Posts Tagged ‘Jason.Dinesen’

While I Was Out…

Thursday, August 8th, 2013

Ten days off in a row should have been enough…but it wasn’t. In any case, here are some of the posts that the tax blogosphere had that might be of interest:

Jason Dinesen asked, “What’s the upside of preparer regulation for Enrolled Agents?” While at the National Association of Enrolled Agents annual meeting, I asked that question, too. The NAEA officials all swore it was a wonderful thing. The only thing I can deduce is that the RTRP program should lead to more Enrolled Agents. That said, I remain opposed to the RTRP program.

National Public Radio (NPR) noted that statistics show that the IRS targeting was worse for conservative groups than liberal groups. Republicans asked Democrats to bring just one liberal or progressive group to hearings that was impacted. To date, none have been found.

Jason Dinesen’s client who went through a nearly 28-month identity theft nightmare with the IRS finally received her tax refund.

The IRS released a draft of Form 8960. What’s that? It’s the new ObamaCare 3.8% Investment Tax. It does appear that the IRS smartly didn’t link the form to Other Income (as I previously noted, gambling income is not subject to this tax). As Paul Neiffer reported, there are only 33 lines to calculate this tax. As I tell my friends, I have lifetime employment…for all the wrong reasons.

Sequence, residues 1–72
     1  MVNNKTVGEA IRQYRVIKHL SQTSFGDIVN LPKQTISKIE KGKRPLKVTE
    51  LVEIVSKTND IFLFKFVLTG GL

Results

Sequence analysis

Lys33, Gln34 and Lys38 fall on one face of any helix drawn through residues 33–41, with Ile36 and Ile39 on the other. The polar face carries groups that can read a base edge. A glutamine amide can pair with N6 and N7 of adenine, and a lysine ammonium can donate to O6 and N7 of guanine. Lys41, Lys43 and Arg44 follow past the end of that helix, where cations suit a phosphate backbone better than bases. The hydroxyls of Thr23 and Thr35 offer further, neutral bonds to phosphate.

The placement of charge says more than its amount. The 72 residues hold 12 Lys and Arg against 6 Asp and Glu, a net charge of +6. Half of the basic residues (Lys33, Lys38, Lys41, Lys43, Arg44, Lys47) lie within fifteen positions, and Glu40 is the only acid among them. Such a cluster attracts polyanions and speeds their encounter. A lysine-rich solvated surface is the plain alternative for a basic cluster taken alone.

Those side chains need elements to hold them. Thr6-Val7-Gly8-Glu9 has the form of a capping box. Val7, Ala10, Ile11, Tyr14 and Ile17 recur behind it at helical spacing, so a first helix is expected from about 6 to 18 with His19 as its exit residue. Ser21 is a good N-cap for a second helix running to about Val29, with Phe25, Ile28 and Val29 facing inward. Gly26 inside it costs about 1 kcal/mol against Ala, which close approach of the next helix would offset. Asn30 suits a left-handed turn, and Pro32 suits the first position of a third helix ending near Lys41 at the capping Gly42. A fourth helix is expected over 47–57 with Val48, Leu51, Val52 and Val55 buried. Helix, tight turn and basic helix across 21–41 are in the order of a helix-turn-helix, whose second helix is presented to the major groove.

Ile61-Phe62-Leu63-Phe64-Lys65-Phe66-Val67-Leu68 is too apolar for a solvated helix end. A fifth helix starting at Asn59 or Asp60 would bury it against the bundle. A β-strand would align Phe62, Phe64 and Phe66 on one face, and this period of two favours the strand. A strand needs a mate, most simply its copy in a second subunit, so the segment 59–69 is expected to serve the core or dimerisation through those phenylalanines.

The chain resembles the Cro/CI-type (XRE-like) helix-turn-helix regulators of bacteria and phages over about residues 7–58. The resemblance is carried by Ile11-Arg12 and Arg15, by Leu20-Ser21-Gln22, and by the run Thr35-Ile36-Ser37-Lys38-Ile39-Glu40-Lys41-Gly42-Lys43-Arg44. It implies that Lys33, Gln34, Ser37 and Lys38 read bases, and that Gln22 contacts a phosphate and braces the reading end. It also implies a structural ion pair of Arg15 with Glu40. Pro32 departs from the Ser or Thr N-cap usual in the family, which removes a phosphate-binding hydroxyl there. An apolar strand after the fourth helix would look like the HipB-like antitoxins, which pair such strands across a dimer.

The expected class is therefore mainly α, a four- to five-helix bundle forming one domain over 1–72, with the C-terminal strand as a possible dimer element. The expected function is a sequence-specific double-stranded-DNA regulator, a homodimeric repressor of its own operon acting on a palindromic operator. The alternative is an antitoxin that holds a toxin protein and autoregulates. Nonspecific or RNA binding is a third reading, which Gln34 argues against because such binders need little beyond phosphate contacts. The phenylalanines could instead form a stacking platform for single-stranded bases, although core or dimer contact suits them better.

Joe Kristan has a report on an interesting court decision: Can suing be your trade or business? The court held that it could be.

Meanwhile, the Tax Court held that a business owner whose business made a whopping $877 must take a salary of nearly $31,000! Joe Kristan has more on what is a very raw deal for the taxpayer. I do agree with Joe’s conclusion: “When advancing and withdrawing funds from an S corporation, be sure to generate the appropriate prissy paperwork.” If you have a loan, make it look like a loan: Charge interest and record it! It’s possible that with good paperwork the owner wouldn’t have received such a ridiculous result.

Would You Deliberately Mail a Check to the Wrong Address?

Monday, January 28th, 2013

Seriously, would you?

Assume you owed a customer $1,000. The debt goes back over a year, and now you’re ready to pay. The customer notifies you that she’s moved, and provides you with her new correct address. How many of you would mail the return to the old incorrect address and wait for the check to come back before reissuing and sending it to her correct address? I’m guessing none of you.

Yet the Internal Revenue Service is going to do this to a victim of identity theft deliberately, with either malice aforethought or just plain indifference and stupidity. Jason Dinesen has more in his 11th part of a series that must be read from beginning to end to understand how broken the IRS’s ability to deal with identity theft really is.

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